Healthy Lifestyle Debates: Is X Really Healthier Than Y?

Most people want to maintain a healthy lifestyle. To do this, they practice well known healthy habits that doctors and medical researches have proven to be beneficial: get some exercise, eat junk food sparingly, and avoid vices such as drinking and smoking that can cause long-term damage to some of your vital organs.

Apart from these methods, many people also believe they’re doing their bodies a huge favor by removing one type of food in their dietand replacing it with something much healthier. While some of these actually are legitimately healthier alternatives (dried fruits over sweets or wine over beer), for the most part, a lot of these claims are just marketing strategies tricking people into thinking that one food is healthier than the other. In reality, the alternative is no better than the original. Even worse, it could even be unhealthier than what you were already eating.

If you think some of the food alternatives you’re eating are making you a healthier person, think again. These alternatives may seem healthier, but they’re surprisingly not as healthy as you would think.

Parboiled Rice vs. Brown Rice

source: https://www.pritikin.com

Parboiled rice and brown rice are both nutritionally superior to white rice, but when it comes to the parboiled rice vs. brown rice debate, people argue that parboiled rice is the much healthier option. When rice is harvested, a rice hull removes the hull, chaff, and outer husk, depending on the type of rice it produces.

Brown rice only has the husk removed, leaving the bran and germ layers to give it the flavor, texture, and added nutrients. Parboiled rice, on the other hand, is boiled while still inside the hull so that it would be easier to process into either brown or white parboiled rice.

Many people argue that because parboiled rice is boiled with the hull, which is rich in vitamin B1, its nutrients move from the hull to the rice, making it more nutritious even if the hull is peeled off. However, what they fail to see is that when rice or any vegetable is boiled, there’s nutrients lost in the water. Brown rice doesn’t absorb the nutrients in its hull, but it doesn’t lose other nutrients through boiling.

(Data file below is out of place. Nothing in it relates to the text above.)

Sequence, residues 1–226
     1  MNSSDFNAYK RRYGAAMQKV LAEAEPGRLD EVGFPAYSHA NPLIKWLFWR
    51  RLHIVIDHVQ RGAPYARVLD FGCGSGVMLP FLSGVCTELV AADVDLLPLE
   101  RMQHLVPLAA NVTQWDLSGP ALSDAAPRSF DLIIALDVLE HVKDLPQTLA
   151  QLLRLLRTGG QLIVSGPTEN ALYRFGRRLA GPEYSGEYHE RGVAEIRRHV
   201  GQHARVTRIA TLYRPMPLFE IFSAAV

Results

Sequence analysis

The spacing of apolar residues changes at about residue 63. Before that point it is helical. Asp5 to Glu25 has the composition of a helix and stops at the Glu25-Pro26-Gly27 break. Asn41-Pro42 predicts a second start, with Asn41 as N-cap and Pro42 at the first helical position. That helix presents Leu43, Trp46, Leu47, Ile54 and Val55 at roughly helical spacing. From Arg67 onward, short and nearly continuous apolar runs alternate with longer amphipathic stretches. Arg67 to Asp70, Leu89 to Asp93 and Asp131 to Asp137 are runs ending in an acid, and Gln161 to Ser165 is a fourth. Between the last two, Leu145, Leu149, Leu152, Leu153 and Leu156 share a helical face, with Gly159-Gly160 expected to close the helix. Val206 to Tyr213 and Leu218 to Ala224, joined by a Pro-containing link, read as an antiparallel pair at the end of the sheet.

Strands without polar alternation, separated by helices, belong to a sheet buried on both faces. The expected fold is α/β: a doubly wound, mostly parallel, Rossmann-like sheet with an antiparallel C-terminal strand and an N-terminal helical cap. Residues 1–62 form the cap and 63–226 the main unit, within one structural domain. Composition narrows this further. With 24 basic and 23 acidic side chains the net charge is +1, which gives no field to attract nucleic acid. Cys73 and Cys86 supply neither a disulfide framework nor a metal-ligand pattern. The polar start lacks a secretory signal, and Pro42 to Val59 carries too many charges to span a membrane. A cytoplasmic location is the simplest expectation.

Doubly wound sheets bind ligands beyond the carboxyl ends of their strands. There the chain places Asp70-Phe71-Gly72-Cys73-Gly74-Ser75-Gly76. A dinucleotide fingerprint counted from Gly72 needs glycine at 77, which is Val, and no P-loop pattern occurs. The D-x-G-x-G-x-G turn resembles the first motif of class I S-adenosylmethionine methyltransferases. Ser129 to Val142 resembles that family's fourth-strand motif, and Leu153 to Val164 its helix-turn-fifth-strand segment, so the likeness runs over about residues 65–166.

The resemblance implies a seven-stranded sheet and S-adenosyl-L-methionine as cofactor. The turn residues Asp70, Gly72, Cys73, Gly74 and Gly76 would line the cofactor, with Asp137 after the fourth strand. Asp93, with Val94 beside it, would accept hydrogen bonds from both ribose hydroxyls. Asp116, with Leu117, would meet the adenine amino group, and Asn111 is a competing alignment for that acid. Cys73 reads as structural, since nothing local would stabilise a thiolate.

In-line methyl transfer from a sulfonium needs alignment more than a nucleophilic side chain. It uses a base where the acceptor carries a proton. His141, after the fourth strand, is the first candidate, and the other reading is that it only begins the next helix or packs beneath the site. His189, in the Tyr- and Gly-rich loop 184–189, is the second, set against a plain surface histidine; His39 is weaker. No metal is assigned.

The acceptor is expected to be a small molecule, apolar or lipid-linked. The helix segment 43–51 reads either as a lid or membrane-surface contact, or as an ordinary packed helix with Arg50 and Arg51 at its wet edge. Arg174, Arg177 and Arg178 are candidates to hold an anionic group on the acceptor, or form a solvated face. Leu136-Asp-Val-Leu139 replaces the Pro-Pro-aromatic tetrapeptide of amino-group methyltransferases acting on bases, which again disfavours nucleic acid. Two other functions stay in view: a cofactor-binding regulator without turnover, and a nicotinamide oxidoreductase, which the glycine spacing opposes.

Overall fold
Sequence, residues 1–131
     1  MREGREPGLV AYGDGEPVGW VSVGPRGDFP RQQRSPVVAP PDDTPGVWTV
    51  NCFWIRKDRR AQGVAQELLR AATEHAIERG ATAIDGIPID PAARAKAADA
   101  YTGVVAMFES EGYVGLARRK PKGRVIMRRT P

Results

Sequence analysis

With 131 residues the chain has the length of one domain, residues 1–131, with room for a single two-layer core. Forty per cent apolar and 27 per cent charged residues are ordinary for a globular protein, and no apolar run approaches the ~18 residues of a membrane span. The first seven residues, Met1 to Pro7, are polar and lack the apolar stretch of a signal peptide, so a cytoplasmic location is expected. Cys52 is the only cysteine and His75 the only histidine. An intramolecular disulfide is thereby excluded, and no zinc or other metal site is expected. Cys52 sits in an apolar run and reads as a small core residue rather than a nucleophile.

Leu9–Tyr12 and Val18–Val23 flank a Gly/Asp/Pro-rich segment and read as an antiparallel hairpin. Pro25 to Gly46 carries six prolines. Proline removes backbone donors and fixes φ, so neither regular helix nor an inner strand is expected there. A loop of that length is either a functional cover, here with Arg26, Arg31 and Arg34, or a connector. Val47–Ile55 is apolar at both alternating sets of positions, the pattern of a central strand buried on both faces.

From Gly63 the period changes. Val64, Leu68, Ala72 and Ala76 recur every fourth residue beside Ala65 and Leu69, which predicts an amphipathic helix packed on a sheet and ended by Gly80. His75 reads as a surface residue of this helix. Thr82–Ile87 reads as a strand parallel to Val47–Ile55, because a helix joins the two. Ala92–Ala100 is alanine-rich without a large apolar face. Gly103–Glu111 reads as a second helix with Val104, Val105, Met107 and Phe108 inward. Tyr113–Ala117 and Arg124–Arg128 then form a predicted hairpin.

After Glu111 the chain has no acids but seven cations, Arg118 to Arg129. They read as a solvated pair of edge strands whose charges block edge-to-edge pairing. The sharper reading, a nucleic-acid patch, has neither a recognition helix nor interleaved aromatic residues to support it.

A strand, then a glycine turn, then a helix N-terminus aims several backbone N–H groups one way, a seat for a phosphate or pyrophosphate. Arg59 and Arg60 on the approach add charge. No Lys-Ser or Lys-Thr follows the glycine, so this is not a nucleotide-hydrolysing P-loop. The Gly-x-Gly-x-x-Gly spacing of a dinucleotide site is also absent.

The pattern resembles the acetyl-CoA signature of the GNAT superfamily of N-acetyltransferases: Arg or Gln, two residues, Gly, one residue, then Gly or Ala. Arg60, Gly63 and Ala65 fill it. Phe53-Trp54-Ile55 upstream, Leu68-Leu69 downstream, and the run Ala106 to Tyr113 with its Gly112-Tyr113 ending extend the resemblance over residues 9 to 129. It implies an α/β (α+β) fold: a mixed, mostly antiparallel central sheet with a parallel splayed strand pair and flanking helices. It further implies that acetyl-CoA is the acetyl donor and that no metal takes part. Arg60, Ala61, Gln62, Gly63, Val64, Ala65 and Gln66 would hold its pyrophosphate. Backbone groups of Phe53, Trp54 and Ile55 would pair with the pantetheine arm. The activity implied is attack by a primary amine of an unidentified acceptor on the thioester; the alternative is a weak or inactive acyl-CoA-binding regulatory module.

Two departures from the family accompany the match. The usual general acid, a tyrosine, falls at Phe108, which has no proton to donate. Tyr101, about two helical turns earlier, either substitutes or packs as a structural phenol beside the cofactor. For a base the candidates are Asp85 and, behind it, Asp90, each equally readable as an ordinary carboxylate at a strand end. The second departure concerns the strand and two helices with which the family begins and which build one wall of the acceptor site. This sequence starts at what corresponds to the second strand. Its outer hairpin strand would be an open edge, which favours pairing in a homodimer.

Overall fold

Regular Soda vs. Diet or Zero-Sugar Soda

source: https://theconversation.com

Generally speaking, you should be avoiding soda altogether. But if you have a sweet tooth and have to pick one, people watching their weight think diet or zero-sugar soda is a much better option. While diet soda has less sugar and zero-sugar soda has no sugar at all, that doesn’t mean it’s going to help you lose weight.

Diet and zero-sugar soda are safer options for people with high risk of diabetes, but don’t think of it as the option for weightwatchers. While it has less or no sugar, it has more artificial sweeteners. While there’s still no certainty on the effects of sweeteners, some studies found that taking sugar substitutes may increase your appetite, leading you to eat more and gain weight indirectly.

So, if you’re the type to easily succumb to your urges, avoid the diet sodas and just drink a regular soda in moderation.

 White Bread vs. Whole-Wheat Bread

source: https://nutritionovereasy.com